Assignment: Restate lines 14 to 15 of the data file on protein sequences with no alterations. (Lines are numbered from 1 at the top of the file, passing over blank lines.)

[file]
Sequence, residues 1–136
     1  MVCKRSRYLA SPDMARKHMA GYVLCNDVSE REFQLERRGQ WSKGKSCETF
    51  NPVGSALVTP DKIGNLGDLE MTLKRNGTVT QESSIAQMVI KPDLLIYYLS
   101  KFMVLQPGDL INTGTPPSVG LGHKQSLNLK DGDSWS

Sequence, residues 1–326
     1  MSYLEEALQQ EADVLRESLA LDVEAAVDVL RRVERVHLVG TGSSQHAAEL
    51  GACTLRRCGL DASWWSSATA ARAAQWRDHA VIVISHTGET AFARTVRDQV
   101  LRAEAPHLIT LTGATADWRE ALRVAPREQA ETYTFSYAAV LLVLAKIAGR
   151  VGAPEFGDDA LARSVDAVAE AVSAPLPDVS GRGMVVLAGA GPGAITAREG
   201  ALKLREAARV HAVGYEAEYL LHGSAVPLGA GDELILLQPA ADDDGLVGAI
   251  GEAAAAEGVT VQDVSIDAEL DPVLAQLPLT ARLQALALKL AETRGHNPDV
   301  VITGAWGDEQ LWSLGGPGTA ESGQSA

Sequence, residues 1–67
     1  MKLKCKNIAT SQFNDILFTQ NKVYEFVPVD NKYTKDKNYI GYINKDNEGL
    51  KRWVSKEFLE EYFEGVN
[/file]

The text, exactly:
     1  MKLKCKNIAT SQFNDILFTQ NKVYEFVPVD NKYTKDKNYI GYINKDNEGL
    51  KRWVSKEFLE EYFEGVN